Jordan Price, a former mobile designer, walked away from Apple and never regret anything about his decision.
According to his blog posted on his site, his job with the company was appalling. Reporting to a boss who discriminates all his subordinates made the rigid hours all the more dreadful, even the long commute took a toll at him.
He was literally dragging himself to work every day. He said working with Apple was his ultimate dream. He even took a substantial pay cut, thinking he will make a long-term career investment by working for such a prestigious company.
But then he had to wake up to reality.
He said that at first, when he became impatient about the rigid hours and long commute, he motivated himself by the thought that he can be perceived as "one of those notorious tech people whizzing to and from San Francisco on a private bus with wifi (I'm especially intrigued by the bus thing because I grew up in San Francisco and have seen the cultural and economic shift that's resulted from this tech boom and the last."
However, this simple takeaway cannot convince him of staying with the company anymore when his job made him hardly see his daughter. And the worst of all, he had to take sh***t from his boss who was very unprofessional.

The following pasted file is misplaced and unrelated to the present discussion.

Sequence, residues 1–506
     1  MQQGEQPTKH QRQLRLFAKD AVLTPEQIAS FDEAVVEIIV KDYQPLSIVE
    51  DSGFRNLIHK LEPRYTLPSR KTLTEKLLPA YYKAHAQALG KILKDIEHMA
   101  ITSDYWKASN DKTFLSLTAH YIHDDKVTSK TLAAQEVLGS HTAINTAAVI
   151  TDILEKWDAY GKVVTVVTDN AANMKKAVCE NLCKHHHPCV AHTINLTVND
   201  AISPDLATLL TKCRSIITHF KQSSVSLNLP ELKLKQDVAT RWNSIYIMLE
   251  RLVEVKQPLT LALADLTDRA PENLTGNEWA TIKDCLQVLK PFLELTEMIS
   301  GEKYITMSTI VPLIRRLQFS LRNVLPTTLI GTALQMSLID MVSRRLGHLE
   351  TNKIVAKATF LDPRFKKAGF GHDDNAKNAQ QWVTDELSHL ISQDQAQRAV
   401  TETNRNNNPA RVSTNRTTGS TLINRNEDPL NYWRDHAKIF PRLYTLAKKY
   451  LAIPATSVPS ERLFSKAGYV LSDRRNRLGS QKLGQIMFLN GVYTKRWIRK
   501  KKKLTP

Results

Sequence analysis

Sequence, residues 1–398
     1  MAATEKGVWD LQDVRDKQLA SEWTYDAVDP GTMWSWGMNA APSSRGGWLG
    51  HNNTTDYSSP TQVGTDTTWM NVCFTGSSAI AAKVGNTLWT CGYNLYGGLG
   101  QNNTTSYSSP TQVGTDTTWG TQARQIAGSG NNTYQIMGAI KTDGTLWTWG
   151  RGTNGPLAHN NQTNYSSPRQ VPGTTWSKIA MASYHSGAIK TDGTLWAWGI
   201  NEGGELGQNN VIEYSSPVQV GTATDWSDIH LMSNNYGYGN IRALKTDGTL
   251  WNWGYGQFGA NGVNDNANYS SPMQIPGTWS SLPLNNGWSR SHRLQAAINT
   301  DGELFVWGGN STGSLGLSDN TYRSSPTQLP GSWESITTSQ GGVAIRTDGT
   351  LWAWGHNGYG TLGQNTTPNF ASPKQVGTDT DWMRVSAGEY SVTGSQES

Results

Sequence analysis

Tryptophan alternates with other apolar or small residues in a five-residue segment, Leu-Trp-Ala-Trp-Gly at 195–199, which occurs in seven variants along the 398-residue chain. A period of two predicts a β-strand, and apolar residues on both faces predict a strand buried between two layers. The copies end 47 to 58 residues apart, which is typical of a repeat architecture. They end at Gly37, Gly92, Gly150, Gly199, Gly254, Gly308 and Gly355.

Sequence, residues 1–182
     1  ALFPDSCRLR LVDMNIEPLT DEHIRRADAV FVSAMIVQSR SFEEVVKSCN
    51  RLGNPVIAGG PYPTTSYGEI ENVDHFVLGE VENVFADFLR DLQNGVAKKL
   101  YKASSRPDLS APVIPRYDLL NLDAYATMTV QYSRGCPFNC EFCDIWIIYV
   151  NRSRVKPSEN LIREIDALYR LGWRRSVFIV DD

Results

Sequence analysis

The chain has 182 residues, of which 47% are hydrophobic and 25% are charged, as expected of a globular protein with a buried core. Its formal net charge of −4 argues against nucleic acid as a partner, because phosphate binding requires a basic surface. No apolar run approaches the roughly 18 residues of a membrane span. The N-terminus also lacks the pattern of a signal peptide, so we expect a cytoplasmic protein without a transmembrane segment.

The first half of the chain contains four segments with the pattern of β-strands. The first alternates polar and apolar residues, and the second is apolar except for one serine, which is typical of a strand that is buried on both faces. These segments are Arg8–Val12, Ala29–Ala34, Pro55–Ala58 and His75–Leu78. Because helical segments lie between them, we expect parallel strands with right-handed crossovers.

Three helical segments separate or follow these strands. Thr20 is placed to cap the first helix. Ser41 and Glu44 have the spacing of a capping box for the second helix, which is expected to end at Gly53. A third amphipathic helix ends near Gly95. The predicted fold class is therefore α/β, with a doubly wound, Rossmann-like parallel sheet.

"My immediate boss, who had a habit of making personal insults shrouded as jokes to anyone below him, started making direct and indirect insults to me. He started reminding me that my contract wouldn't be renewed if I did or didn't do certain things. He would hover over my back (literally) like a boss out of Dilbert and press me to finish some mundane design task that he felt urgently needed to be examined. He was democratic about his patronizing and rude comments, but it didn't make me feel any better when he directed them towards my team members," Price wrote in his blog.
Working with such horrible boss made him rant about practically simple stuff - the boarding was super bumpy, he had to use so many passwords, accounts and log-ins it almost took him a month to get on a server; meetings for him became disruptive to everyone's productivity.
He tried to get to use with everything because it was his 'dream job' but having to carry the burden everyday made him hate the person that he had become.
"I felt more like I was a teenager working at a crappy retail job than a professional working at one of the greatest tech companies in the world."
At that point, he walked away from Apple to save his sanity.
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